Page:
A win against a 10-loss team showed us nothing about the Seahawks we didn’t already know, but a win against a 10-win team Sunday night would tell us a whole lot we didn’t expect.
The 24-13 win over the 49ers was just as ugly as expected and the Seahawks had most of the same troubles that have plagued them all year — scoring in the first half (just seven points), running the ball (68 yards by the running backs), throwing interceptions and missing kicks. The only weakness that seemed stronger this week was penalties — they broke their five-game streak of 100-yard days.
Beating the 10-loss 49ers was no statement. But, if the Hawks had lost, it would have said a lot — i.e., that they were not a playoff team. That is still in question, since the Hawks, even at 7-4, are outside the playoff picture right now.
They can prove they belong Sunday night in their biggest test of the season: a high-flying Eagles team that has won nine straight (10-1 overall), has defeated each of its past three opponents by 28 points and beat the 49ers by 20 in Philly a month ago.
The Eagles are the class of the NFC, with the highest-scoring offense in the NFL (32 ppg), the No. 2 rushing attack (147.5 ypg) and the No. 1 run defense (65.1 ypg).
The Seahawks have lost just eight home games since Russell Wilson arrived in 2012 — none of them by more than seven points. But that streak looks in serious jeopardy vs. the Eagles.
Wilson’s Hawks are 10-2 at home in prime time, but that stat won’t help them Sunday night. One of the losses was to Atlanta a week ago — and the Eagles are better than the Falcons (7-4).
Based on how they have played on offense, the Seahawks look hopelessly outmatched in this one. But, one way or another, it will show just how competitive they really are — whether they are indeed NFC contenders.
Some might argue that would be a premature assessment, but there are only four games after this, so whatever teams are at this point is basically what they are going to be in a month. If they aren’t hitting stride right now, they are not going to — because they will run out of time.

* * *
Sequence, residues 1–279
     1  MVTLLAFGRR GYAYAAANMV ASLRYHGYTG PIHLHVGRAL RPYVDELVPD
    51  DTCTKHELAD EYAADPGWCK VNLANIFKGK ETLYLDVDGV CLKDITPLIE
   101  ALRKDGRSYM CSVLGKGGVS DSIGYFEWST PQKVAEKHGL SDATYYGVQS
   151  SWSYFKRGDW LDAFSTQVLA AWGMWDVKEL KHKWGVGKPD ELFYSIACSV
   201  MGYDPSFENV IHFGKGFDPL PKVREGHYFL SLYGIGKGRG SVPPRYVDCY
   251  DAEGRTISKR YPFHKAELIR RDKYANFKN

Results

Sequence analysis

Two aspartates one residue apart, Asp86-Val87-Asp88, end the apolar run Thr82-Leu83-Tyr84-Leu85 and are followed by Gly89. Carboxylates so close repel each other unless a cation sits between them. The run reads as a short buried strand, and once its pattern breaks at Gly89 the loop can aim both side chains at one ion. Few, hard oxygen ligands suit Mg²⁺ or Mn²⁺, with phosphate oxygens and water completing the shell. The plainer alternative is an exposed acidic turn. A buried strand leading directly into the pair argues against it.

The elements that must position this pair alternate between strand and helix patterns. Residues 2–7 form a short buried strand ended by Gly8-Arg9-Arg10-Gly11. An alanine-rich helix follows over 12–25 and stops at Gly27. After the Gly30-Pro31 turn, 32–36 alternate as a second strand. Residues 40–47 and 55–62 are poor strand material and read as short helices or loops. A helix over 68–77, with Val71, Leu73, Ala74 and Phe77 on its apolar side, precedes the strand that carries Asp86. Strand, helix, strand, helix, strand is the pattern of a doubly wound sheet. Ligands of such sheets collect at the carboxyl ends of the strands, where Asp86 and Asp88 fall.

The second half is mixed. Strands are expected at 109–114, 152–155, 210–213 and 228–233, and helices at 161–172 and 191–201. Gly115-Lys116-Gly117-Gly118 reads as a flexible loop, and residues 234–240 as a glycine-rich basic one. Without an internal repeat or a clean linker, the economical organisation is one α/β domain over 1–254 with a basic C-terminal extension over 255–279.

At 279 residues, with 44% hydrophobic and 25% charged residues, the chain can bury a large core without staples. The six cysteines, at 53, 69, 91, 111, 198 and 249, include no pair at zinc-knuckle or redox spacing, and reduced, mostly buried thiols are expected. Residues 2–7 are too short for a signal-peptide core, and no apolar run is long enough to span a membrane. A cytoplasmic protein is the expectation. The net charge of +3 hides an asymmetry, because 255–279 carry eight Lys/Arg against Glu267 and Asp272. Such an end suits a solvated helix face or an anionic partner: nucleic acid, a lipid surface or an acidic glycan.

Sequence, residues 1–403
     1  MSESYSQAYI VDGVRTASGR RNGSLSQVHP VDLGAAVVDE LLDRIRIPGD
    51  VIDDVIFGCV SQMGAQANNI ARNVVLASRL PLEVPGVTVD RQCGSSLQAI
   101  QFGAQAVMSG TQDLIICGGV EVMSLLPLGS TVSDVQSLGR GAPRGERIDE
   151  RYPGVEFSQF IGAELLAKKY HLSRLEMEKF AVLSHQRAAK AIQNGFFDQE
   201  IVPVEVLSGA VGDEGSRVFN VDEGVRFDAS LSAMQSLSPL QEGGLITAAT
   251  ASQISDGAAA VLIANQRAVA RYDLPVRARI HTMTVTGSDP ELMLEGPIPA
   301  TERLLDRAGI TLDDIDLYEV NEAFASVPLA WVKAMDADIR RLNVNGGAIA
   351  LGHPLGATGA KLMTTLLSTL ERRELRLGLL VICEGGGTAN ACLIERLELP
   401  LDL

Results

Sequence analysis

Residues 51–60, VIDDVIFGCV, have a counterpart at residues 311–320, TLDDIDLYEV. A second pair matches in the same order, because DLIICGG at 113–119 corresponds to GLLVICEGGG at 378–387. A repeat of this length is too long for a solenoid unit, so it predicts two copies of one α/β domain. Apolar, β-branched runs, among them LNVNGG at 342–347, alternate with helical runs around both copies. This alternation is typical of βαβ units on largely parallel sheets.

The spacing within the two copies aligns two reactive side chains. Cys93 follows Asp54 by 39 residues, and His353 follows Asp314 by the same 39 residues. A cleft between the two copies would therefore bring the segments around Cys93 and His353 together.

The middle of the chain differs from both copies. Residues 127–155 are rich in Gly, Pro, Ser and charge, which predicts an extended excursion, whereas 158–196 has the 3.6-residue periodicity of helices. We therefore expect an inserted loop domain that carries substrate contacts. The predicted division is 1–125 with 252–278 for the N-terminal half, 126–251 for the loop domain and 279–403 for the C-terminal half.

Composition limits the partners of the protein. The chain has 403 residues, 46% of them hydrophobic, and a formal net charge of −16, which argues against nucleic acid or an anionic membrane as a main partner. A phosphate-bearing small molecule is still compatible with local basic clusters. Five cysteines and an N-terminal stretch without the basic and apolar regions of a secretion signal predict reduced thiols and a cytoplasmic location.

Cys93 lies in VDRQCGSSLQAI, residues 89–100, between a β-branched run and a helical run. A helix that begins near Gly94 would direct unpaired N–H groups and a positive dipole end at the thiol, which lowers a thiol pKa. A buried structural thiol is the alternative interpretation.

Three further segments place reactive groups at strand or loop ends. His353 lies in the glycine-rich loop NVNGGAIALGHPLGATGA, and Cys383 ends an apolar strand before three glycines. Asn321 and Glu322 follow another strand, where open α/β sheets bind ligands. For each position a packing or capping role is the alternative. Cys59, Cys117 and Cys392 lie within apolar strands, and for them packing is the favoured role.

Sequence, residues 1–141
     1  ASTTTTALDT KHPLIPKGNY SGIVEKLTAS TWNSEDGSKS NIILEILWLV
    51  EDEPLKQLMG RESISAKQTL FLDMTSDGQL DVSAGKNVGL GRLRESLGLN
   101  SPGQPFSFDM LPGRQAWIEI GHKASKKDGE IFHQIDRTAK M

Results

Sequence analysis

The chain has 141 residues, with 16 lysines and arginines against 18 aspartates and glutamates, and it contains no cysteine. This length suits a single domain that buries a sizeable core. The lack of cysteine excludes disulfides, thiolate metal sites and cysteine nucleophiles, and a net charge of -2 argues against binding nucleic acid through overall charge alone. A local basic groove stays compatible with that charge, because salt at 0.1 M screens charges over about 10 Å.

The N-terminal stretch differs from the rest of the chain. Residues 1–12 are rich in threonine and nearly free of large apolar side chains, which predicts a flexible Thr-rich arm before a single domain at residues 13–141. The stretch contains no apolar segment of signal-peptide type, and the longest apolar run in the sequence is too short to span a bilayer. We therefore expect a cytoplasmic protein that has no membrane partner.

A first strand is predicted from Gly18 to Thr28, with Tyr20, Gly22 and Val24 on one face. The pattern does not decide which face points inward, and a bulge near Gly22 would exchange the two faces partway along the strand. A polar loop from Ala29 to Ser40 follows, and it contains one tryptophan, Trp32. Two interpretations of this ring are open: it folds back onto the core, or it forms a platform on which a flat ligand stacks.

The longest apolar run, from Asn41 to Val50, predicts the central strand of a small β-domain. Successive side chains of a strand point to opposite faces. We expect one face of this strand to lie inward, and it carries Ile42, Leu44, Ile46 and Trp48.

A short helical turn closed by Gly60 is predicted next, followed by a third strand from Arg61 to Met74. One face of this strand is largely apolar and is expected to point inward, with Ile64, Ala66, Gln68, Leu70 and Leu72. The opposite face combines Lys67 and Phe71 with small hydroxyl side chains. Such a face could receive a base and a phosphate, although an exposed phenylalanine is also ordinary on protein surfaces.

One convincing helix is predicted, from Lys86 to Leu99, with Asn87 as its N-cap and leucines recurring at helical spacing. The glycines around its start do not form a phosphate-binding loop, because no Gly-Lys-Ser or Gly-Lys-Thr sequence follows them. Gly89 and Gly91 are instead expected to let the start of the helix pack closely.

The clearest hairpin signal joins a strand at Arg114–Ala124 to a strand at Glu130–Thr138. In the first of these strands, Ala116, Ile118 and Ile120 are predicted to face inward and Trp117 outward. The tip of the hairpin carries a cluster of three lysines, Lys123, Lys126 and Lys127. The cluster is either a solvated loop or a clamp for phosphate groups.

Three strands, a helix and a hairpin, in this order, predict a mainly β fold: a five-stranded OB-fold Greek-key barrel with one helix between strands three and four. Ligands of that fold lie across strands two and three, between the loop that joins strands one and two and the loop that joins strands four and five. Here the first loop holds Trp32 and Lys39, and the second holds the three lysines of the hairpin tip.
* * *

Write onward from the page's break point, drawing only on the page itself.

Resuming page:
If the Seahawks can beat the Eagles, it would show they are capable of running the table and possibly claiming a first-round bye (with a lot of help). It would at least put them in great position to make the playoffs.
Yes, the Hawks could make the playoffs without beating Philly, but they would need to win the NFC West (they play the Rams in three weeks) or else get some losses from Carolina, Atlanta and Detroit to make it as a wild card.
Wilson’s Seahawks have never faced this kind of challenge at home this late in the season — hosting a far superior team with their playoff lives in the balance.
The closest they have come was in 2012, when the 9-5 Hawks blasted the 10-3-1 49ers 42-13. But the 49ers won the division in the final week, and the Hawks had to hit the road as a wild card.
In 2013, the Hawks (10-1) were the top dogs as they hosted the 9-2 Saints — and blew them out 34-7 on the way to Seattle’s only Super Bowl title.
These Seahawks are not nearly as strong as either the 2012 or 2013 clubs. They have no running game, no first-half offense and no reliable kicker, and their defense is missing three top starters.
If they can beat the Eagles with all of those problems, it might be the best regular-season home win in the Wilson era.